But we should not underestimate certain statements. Although the US sent a wrong signal, especially to Vietnam and the Philippines, some countries may actually believe it. They may form an illusion that China may hesitate to prevent their unilateral actions within the South China Sea as they were "under US protection."

GT: Pompeo said the US stands with their Southeast Asian allies and partners in protecting their sovereign rights to offshore resources. What is the ASEAN countries' reaction to the US statement, according to your observation?

Wu: Those countries are fully aware of competition between Beijing and Washington wax and wane in this region. In addition, China sits right in front of their doorsteps, and there are also economic concerns. It is hard to shake off economic dependence on China, so they feel reluctant to choose sides between the world's two major powers.

The price for choosing sides is too heavy for them to afford.

They are fully aware the US won't side along with them, and China's sanction for them if they violate China's rights on South China Sea issue is more than they could bear.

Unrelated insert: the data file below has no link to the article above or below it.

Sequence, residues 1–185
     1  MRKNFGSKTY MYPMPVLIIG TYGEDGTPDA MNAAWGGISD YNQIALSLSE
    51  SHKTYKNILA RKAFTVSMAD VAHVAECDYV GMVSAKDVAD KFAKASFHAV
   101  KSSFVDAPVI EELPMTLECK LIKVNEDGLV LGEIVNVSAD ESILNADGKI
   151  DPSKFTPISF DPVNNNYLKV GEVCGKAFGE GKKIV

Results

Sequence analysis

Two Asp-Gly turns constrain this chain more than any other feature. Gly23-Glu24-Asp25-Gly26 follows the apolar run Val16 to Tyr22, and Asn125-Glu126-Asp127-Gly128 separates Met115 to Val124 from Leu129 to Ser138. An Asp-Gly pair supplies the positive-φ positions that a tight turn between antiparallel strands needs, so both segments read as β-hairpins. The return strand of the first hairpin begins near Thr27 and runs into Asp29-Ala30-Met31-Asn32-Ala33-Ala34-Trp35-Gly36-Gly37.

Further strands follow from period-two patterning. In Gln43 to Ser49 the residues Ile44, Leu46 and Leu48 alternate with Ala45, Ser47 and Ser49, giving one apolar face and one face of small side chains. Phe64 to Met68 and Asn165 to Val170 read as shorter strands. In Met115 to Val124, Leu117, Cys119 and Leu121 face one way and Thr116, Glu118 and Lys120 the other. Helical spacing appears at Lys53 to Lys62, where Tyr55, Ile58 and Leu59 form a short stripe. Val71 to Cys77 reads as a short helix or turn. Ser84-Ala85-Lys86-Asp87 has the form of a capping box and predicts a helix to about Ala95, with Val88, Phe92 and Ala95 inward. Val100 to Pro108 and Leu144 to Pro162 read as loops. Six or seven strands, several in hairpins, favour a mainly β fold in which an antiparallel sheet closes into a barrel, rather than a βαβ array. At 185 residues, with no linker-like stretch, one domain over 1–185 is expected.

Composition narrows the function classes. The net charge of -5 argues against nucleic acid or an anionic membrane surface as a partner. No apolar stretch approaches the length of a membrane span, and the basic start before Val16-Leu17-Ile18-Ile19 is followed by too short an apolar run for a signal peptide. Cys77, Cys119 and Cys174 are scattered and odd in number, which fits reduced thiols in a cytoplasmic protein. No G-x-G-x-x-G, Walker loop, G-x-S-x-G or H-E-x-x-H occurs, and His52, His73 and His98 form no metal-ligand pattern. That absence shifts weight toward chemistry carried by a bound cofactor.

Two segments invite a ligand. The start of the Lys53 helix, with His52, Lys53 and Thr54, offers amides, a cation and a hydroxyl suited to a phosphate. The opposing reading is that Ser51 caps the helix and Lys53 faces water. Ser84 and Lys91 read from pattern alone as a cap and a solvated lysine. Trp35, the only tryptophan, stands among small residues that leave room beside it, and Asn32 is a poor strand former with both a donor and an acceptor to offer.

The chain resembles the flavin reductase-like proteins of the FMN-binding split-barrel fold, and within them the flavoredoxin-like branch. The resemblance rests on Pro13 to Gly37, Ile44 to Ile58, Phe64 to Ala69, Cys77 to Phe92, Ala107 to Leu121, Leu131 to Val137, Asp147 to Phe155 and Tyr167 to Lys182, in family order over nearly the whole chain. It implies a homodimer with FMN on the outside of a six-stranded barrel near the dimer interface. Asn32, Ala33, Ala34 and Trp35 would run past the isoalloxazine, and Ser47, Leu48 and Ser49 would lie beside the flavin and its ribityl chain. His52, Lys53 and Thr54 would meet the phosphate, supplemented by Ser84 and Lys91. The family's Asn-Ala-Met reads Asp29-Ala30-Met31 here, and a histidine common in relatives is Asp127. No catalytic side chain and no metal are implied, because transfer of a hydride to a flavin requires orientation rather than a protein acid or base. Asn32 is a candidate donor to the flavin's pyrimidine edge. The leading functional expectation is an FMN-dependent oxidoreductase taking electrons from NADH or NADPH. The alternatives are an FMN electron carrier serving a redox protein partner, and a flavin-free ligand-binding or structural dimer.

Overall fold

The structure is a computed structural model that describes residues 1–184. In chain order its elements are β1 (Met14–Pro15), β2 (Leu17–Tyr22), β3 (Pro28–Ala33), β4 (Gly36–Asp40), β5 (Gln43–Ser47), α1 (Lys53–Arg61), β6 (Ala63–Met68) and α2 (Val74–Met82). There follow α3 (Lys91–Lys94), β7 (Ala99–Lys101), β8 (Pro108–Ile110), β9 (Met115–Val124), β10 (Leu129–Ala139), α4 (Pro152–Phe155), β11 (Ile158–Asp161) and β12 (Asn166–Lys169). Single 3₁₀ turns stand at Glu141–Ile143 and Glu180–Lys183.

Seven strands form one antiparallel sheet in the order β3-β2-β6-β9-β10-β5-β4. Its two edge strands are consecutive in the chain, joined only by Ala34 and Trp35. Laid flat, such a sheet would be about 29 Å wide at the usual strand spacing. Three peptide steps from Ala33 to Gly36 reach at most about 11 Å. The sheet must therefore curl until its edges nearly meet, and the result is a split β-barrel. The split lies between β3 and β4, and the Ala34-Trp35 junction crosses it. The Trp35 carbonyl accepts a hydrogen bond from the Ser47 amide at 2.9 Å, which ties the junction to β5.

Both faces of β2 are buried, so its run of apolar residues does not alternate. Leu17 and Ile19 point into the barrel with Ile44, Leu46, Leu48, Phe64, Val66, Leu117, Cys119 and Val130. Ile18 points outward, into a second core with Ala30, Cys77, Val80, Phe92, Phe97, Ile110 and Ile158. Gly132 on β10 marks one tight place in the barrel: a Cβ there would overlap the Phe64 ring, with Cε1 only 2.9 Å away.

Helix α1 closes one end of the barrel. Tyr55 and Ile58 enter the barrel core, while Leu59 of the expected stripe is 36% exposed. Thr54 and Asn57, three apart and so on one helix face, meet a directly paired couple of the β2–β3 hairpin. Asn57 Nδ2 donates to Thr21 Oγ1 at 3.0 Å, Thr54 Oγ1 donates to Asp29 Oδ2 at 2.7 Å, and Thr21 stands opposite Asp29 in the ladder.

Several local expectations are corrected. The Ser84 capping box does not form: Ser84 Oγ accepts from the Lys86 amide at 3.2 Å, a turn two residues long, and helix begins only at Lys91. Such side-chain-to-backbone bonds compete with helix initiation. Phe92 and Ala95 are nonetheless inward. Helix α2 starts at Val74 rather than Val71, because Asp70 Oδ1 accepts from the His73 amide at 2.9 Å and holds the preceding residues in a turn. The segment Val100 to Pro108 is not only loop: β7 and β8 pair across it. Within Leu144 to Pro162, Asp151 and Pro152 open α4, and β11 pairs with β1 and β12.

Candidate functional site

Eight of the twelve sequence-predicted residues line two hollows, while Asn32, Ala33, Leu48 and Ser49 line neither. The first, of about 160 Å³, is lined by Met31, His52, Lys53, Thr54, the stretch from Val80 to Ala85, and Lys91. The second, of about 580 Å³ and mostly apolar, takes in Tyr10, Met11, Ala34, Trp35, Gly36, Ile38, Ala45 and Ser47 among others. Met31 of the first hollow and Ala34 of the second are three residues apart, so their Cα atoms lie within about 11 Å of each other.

That's why countries such as Vietnam, Malaysia did not make statement after the US.

 GT: Are there any countermeasures China can take to resist frequent US provocation in the South China Sea region? Some foreign media speculated China might consider declaring an "air defense identification zone" in the region as a retaliatory step. Is this possible?

Wu: Announcing an air defense identification zone is within China's realm of sovereignty, but it could hurt ASEAN countries more than the US, in return damaging ties between China and ASEAN countries.

The US indeed has some arrows in their quiver on this issue. But China's strength in this region is also increasing, whilst US influence and advantages in this area are receding and declining. That is why the US wanted to use the tribunal to wrestle with China this time.

China should not panic. We need to know that the US won't have much more practical new moves. Thus we need to integrate our maritime power and study the changes in the mode of future maritime war, and form our own deterrence force.

Newspaper headline: Sea of inheritance